Hospital Study Finds Medicaid Expansion Would Have Multiple Benefits

More food for thought as Governor Tom Corbett prepares to meet next week (April 2nd) with the U. S. Secretary of Health and Human Services to discuss Medicaid expansion.  The Hospital and Healthsystem Association of Pennsylvania has released a study that shows expanding Medicaid coverage in Pennsylvania will boost economic activity by at least 3.2 billion a year while reducing the state’s uninsured rate from over 12 percent to around 5%.

Paula Bussard, Vice President of Policy and Regulatory Services, says the positive effects would outweigh additional costs.  She says the argument against expansion may not have considered all of the economic benefits, including a reduction in the costs of uncompensated care.  But the study conducted by RAND Health indicates the benefits would have a long term cost with uneven regional results.

Governor Corbett has rejected the expansion so far over concerns about the additional costs to Pennsylvania, but he has left the door open if the state is granted some flexibility by the federal government in managing the program.

Bussard says there are a number of options the state could seek, including the ability to keep children on CHIP, the Children’s Health Improvement Program., as opposed to transferring them into Medicaid.

Small Group of Reps Renews Push to End COLAs

A small group of state lawmakers is renewing the push to eliminate public officials’ annual cost-of-living adjustments, commonly referred to as COLAs.  Every year lawmakers and a variety of other public officials receive a pay raise that’s tied to the consumer price index, but first-term state Rep. Patty Kim (D-Dauphin) says it’s time for the General Assembly to lead by example.

“There’s about a $1,700 dollar increase every year for a salary that is above average for the family median and it’s unnecessary,” says Kim, “and I think it would just be a great message – along with savings – to cut it out, build the trust back and save money.”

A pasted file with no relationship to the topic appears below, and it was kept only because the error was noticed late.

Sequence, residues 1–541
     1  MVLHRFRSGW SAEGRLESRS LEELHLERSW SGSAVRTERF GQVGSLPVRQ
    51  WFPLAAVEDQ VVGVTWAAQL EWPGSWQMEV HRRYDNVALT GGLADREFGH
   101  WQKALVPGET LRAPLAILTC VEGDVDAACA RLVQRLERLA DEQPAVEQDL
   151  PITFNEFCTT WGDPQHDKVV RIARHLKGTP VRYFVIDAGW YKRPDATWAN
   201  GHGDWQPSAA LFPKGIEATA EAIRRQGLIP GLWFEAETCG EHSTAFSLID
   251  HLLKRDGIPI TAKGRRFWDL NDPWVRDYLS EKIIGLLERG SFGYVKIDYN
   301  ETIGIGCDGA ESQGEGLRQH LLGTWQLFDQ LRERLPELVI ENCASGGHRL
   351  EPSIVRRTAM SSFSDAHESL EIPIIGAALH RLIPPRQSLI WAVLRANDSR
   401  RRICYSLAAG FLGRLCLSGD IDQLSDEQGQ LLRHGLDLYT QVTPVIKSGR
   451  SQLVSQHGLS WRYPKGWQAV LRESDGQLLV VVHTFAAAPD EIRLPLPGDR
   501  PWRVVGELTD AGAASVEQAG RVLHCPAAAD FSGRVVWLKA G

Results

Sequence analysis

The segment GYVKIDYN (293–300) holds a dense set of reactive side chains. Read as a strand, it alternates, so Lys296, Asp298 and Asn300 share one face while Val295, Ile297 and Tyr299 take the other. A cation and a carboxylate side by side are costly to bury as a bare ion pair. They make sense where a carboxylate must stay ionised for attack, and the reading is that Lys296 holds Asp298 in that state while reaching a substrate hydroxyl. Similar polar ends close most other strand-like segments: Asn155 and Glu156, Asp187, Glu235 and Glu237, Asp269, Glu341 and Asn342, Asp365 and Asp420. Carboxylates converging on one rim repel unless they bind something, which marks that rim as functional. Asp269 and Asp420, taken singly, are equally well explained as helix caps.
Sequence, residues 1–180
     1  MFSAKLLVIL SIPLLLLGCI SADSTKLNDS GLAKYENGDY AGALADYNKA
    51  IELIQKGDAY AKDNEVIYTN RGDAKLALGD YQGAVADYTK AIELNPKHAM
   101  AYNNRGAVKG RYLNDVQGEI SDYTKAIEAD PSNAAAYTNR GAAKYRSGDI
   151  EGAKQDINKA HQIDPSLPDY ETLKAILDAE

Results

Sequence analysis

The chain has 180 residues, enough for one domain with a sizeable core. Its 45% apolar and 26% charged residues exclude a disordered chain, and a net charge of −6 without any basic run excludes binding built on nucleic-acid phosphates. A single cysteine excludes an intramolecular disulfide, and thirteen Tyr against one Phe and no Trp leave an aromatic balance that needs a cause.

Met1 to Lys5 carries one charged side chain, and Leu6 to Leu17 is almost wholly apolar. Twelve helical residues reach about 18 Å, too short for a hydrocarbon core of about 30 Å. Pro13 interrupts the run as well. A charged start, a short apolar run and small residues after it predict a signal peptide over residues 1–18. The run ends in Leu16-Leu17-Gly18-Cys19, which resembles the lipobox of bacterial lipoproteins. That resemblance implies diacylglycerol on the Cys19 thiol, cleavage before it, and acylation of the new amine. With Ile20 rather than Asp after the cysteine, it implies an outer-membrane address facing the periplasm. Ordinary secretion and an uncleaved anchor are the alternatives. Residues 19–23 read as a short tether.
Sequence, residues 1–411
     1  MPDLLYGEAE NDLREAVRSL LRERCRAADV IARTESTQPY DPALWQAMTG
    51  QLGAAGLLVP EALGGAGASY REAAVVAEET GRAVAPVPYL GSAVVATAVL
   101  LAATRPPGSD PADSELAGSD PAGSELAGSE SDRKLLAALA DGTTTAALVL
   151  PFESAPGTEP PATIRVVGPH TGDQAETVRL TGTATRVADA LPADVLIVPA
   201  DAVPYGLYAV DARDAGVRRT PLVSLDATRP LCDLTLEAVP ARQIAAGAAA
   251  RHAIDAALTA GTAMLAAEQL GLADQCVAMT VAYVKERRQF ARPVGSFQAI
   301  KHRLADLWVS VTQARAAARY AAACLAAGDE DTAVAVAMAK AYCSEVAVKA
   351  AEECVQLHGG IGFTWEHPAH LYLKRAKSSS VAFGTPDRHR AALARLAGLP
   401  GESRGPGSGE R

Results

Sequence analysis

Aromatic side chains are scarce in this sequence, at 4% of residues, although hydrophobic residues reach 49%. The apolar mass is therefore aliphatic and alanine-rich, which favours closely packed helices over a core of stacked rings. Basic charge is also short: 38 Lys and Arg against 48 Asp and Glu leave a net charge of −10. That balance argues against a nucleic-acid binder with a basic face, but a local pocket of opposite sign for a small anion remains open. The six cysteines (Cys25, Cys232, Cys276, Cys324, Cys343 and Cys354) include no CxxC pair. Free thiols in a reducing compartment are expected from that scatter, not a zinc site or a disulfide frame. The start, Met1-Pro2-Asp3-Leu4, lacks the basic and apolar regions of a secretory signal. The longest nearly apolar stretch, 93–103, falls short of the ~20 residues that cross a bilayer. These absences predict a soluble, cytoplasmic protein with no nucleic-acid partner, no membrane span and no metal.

Rank-and-file lawmakers will earn $83,800 this year. 

Kim and 2nd term state Rep. Gerald Mullery (D-Luzerne) are leading the charge this session.  So far, seven of 203 House members have signed onto their bill.  Only three members signed onto an identical bill last session, which died in the House State Government Committee. 

Some lawmaker and Corbett administration officials already donate their COLAs to charity or return them to the commonwealth, but eliminating the annual pay raises would ensure the money stays in the public treasury and prevent it from counting toward officials’ pensions.

Radio PA Roundtable 03.29.13

On this week’s Radio PA Roundtable, Brad Christman and Matt Paul discuss the opening on the Pennsylvania Supreme Court, the U.S. Supreme Court consideration of same sex marriage and a property tax elimination bill in Harrisburg.

Radio PA Roundtable is a 30-minute program featuring in-depth reporting on the top news stories of the week.

Click the audio player below to hear the full broadcast:


Will the Supreme Court Redefine Marriage?

Marriage equality advocates are calling this week’s US Supreme Court arguments a watershed moment.  Two cases were argued before the high court: one challenges California’s voter-approved same-sex marriage ban, while the other takes to task the 1996 federal Defense of Marriage Act (DOMA).

“In light of everything it really says whether or not fairness and equality mean something to everyone in America, or just certain people in America,” says Equality Pennsylvania executive director Ted Martin, “and that’s really the significance for gay people.” 

Martin points to the long list of federal benefits available to straight married couples, which aren’t available to legally married same-sex couples.

But redefining marriage would open a door that cannot be closed, according to Pennsylvania Pastors’ Network president Sam Rohrer.  He says marriage is not man’s idea; it’s God’s idea.  So changing the definition, Rohrer says, would remove any view of higher law.